Halting a VA Medical Facility Closing, Fort Stewart's New PTSD/TBI Clinics Break Ground, Dr. Phil Combats War PTSD, New OH Vets Memorial Bridge

A few quick stops:

  • Will the upcoming change in VA leadership result in fewer facility closures? Congressman Jerry McNerney [D-CA] hopes so. In a letter to President-elect Barack Obama's VA secretary nominee, Gen. Eric Shinseki, McNerney (who serves on the House Committee on Veterans' Affairs) has asked that Livermore VA medical facilities not only remain opened but be expanded to include a PTSD and major depression treatment center.

  • Great news coming out of the home of the 3rd Infantry Division today as "medical officials at Fort Stewart’s Winn Army Community Hospital will take part in a ground-breaking ceremony for two clinics dedicated to the treatment of post-traumatic stress disorder (PTSD) and traumatic brain injuries."

  • The issue of combat PTSD reaches a national audience today on Dr. Phil. "Beyond the Front Lines" features the stories and far-too-often struggles of some of our returning troops. [UPDATE Dec 20, 2008]: Larry Scott of VA Watchdog has uploaded the full program on YouTube, which I've added in extended below.

  • In Ohio, following years of effort by veterans Tom Shugerts and Paul Nelson, 2009 will usher in the newly-designated Ohio Veterans Memorial Bridge. The pair's idea inspired the bill now expected to be signed into law by by Gov. Ted Strickland.
More news over at Jon Steinman's greatly-recommended daily Veterans for America News Analysis column. Bookmark it!


Thursday, December 18, 2008

Spreading the Warmth: Honoring Veterans at Christmastime


Recent stories that bring to life the many ways that we honor our veterans during the season of tinsel and light.


In Their Boots: 'The War Within' Segment Covers Military Suicide

The ever-enlightening webcast series In Their Boots ran the heartbreaking story of Jeffrey Lucey -- a Marine who'd served during the initial invasion of Iraq and returned home safely only to commit suicide less than a year later, on June 22, 2004. He would be among the first wave of OEF/OIF suicides, leaving his parents, Kevin and Joyce Lucey, to be on the leading edge of the senseless pain now known to hundreds of military families.

While some suffer in silence -- a choice that is certainly to be fully respected and understood -- the Luceys were among the first to come forcefully forward to sound the alarm on the issue of suicide and our returning troops. Their story was again presented in a two-part In Their Boots segment, "The War Within," this month that I wasn't able to post on due to my finals.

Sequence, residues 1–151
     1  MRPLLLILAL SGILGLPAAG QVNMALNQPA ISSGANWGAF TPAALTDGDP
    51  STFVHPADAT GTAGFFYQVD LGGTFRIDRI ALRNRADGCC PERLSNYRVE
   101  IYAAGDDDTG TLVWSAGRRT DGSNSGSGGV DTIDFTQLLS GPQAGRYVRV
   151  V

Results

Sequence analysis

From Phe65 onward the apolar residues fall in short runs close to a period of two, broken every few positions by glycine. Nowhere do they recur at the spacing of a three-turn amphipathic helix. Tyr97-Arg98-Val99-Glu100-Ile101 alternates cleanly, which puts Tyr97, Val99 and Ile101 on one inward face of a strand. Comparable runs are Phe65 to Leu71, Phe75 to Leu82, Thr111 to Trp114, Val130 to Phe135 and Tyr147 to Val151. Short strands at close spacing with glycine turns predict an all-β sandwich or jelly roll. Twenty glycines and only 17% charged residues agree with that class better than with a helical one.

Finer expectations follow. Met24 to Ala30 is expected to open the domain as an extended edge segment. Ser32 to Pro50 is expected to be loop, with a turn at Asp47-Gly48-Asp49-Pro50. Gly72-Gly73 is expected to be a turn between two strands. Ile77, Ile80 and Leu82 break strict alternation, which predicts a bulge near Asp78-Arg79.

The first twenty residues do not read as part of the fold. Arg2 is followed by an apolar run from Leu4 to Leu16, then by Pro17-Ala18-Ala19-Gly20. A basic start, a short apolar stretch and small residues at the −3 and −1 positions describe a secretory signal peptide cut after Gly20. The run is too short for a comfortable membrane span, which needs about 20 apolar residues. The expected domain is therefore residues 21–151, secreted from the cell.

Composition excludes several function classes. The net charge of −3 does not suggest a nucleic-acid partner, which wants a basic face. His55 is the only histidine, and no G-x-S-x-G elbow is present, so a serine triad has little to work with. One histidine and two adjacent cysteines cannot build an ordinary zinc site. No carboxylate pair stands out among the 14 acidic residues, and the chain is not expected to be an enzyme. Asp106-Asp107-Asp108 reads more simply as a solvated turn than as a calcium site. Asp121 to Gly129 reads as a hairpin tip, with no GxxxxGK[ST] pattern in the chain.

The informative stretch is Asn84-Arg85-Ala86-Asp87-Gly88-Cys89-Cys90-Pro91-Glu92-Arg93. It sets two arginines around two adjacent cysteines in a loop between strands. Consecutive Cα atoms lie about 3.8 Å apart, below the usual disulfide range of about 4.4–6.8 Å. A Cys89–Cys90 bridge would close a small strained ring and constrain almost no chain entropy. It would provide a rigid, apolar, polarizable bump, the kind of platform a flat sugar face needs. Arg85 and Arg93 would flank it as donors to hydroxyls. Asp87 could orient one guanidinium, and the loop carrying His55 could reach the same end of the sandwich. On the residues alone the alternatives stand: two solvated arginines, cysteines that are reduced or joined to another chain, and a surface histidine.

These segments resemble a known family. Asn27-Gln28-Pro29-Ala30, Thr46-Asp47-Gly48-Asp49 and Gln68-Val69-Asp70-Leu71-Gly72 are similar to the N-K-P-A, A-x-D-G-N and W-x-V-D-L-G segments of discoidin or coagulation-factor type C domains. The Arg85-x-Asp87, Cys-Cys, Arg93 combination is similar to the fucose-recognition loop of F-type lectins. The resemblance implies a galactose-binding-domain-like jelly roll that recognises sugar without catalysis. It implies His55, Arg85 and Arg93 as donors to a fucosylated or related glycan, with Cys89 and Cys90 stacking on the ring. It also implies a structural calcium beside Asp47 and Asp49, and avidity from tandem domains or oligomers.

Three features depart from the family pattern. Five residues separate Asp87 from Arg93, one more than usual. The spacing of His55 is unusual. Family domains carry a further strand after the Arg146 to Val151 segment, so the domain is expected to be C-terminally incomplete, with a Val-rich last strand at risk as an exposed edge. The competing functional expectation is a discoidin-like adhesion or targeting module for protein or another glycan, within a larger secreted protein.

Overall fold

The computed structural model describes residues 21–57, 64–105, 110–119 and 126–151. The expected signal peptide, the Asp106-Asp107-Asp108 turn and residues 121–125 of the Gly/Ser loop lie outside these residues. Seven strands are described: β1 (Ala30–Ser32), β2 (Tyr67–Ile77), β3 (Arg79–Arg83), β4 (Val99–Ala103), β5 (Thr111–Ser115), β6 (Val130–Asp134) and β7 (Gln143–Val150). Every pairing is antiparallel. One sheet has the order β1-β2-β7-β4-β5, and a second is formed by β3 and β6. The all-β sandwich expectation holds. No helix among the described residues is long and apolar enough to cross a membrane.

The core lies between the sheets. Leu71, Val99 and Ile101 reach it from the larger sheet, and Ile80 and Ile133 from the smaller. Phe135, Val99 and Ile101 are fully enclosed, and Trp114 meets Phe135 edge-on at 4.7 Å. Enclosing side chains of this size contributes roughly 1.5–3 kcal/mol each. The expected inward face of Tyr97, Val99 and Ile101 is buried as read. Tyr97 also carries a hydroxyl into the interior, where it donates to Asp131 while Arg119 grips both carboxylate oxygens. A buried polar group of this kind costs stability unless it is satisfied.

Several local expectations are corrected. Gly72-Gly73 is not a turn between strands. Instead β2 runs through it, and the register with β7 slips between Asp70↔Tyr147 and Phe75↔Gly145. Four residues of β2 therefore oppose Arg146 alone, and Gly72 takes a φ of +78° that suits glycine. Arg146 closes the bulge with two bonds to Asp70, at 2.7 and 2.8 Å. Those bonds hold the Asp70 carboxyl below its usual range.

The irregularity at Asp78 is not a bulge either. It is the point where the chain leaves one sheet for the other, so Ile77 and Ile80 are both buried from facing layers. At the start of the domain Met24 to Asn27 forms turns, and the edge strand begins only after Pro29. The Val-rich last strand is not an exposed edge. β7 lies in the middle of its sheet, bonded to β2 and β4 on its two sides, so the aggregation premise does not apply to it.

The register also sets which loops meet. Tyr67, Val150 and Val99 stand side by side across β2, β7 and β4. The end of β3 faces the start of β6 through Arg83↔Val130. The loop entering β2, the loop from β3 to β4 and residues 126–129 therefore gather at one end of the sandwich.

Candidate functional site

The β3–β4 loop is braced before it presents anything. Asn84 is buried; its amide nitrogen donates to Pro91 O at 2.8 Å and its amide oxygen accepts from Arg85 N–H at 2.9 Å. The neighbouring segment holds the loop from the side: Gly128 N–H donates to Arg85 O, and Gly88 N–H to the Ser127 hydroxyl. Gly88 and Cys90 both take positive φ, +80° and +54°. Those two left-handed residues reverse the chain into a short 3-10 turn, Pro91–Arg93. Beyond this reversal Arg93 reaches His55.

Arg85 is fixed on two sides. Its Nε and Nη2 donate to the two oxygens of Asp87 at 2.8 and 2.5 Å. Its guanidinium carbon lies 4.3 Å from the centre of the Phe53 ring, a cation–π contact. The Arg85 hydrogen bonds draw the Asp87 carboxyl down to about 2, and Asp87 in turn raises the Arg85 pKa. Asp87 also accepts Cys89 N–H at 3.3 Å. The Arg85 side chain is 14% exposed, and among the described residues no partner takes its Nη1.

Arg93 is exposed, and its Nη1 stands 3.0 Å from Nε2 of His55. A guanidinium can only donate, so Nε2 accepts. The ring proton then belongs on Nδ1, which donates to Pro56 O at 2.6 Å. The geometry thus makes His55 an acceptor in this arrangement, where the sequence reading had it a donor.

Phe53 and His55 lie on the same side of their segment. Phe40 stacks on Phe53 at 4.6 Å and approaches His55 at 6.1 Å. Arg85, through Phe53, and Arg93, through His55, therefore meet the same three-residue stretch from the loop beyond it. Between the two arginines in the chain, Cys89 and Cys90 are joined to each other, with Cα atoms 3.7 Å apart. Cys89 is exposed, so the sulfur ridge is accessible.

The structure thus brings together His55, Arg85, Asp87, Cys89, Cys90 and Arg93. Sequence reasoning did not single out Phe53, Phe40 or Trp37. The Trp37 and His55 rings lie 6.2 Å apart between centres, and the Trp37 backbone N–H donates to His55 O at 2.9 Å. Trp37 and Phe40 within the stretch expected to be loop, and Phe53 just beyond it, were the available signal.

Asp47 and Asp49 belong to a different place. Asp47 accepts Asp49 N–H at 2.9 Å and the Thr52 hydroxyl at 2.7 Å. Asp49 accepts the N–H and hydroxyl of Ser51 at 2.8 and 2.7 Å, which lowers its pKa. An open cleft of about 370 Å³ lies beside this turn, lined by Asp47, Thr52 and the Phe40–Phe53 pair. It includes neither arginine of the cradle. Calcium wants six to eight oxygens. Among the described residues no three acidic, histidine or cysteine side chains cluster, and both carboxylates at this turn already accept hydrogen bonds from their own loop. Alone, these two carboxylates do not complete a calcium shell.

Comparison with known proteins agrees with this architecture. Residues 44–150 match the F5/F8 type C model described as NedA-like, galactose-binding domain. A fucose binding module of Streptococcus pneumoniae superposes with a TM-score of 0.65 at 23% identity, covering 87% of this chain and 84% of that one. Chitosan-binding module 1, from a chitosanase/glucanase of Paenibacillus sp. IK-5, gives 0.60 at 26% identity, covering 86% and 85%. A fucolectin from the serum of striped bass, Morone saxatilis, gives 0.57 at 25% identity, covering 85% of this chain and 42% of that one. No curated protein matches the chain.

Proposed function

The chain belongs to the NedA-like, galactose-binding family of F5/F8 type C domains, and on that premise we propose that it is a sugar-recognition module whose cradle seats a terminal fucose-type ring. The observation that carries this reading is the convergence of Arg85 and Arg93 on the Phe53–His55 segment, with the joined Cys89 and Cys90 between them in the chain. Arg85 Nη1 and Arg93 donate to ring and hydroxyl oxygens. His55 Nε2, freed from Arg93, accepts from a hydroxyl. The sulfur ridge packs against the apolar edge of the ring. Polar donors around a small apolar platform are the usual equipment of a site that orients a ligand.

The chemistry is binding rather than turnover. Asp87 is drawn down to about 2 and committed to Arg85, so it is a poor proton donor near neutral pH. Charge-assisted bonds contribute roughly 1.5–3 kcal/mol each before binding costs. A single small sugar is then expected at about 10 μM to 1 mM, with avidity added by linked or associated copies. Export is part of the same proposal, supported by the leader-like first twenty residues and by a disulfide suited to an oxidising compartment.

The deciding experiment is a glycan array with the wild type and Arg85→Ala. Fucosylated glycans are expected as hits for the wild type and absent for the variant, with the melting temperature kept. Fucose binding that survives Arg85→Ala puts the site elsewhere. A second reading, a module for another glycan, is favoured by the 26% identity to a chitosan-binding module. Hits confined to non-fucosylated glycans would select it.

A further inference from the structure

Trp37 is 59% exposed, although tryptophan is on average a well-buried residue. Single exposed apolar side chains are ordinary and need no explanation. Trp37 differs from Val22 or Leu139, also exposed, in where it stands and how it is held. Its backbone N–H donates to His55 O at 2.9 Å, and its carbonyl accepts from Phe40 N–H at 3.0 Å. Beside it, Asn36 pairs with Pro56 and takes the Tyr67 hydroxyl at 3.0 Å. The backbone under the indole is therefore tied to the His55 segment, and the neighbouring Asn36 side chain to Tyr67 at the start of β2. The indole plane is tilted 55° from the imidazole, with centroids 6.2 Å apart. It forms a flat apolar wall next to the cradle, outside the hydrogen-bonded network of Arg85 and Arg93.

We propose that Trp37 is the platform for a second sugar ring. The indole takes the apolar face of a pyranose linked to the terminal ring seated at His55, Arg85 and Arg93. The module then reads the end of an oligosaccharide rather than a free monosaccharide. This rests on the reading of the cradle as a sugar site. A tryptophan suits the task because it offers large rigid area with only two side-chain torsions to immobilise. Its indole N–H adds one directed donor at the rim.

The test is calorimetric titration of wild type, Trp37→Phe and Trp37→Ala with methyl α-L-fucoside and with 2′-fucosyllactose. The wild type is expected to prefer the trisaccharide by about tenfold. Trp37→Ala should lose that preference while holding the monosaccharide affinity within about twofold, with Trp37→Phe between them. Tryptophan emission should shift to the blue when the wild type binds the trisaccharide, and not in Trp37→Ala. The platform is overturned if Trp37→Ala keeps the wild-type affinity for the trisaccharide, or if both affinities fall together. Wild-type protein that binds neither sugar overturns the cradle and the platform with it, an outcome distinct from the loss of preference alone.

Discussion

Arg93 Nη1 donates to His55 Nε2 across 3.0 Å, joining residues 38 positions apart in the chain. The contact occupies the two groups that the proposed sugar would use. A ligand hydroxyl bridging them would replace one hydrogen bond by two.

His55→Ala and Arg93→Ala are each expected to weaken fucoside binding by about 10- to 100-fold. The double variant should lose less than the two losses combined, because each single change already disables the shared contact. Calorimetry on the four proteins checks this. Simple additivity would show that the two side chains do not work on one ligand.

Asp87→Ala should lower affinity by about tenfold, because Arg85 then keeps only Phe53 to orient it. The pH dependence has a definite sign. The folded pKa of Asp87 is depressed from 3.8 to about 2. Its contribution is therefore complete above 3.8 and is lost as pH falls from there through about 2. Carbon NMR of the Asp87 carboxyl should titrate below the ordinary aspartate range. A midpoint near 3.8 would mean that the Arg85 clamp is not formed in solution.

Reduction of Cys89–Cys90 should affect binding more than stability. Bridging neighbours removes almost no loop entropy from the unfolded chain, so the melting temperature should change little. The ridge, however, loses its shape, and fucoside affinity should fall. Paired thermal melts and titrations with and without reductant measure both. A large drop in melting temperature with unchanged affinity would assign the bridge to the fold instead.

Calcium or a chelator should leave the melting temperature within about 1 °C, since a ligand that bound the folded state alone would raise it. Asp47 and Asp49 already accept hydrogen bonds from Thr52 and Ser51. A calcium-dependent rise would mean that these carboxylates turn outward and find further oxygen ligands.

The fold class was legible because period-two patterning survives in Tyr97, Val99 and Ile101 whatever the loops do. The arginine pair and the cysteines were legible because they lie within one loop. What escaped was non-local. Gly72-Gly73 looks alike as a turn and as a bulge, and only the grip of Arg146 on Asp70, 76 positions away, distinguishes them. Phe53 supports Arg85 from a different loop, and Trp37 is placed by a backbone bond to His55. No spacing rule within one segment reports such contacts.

[The Luceys were also generous enough to share their story in Moving a Nation to Care.] From In Their Boots:

Kevin, a therapist in Connecticut, and Joyce, a retired nurse, are the parents of three. Jeffrey was their only son. Ever since Jeff lost the battle with his PTSD, Kevin and Joyce have been advocating for the establishment of a realistic and efficient healthcare system, especially for veterans dealing with invisible wounds, like post-traumatic stress disorder. Part of that advocacy involves a lawsuit they've filed against the Veterans Administration for medical malpractice and wrongful death. [other lawsuits]

Dr. Judith Broder, Director of The Soldiers Project, joins the Luceys in the first episode (which ran on December 3), and Paul Sullivan, Executive Director of Veterans for Common Sense, adds his knowledge to the discussion to the second (which aired December 10). The videos are now up on YouTube.

For some reason, the YouTube audio is not working for the first segment; please view Chapter 1 at the In Their Boots site (you can also view Chapter 2 along with supplemental clips).


Wednesday, December 17, 2008

As Second Legal Attempt Fails to Force VA Hand on Claims Processing, Army Sued Over Discharged Vet PTSD Disability Ratings

From CNN:

The U.S. Army intentionally denied benefits to soldiers suffering from a widespread stress disorder after they returned from service in Iraq and Afghanistan, a veterans advocacy group charges in a suit filed Wednesday.

The lawsuit [pdf], filed by the National Veterans Legal Services Program, accuses the Army of illegally cutting off benefits to thousands of veterans and their families by refusing to assign a proper disability rating to those veterans after they had been discharged with a diagnosis of post-traumatic stress disorder (PTSD). As a result, the veterans have been denied benefits, including, among other things, lifetime monthly disability payments and free medical care for themselves and their families. ...

All disabled veterans are assigned a disability rating from zero to 100 percent. According to the Legal Services Program, a rating of at least 30 percent is required to qualify for benefits such as monthly disability payments and free health care. Soldiers receiving less than a 30 percent rating are entitled only to a one-time lump sum severance payment after being discharged.

On October 14, the Defense Department ordered the Army to assign at least a 50 percent rating to all soldiers discharged with PTSD in the future. The lawsuit seeks to provide full benefits to all veterans discharged with PTSD in the past six years.


Monday, December 15, 2008

National Resource Directory Offers Veterans One-Stop Info and Access to Myriad Health, Employment Services

Wonderful news:

The Department of Defense [last month] launched the National Resource Directory, a collaborative effort between the departments of Defense, Labor and Veterans Affairs.

The directory is a Web-based network of care coordinators, providers and support partners with resources for wounded, ill and injured service members, veterans, their families, families of the fallen and those who support them.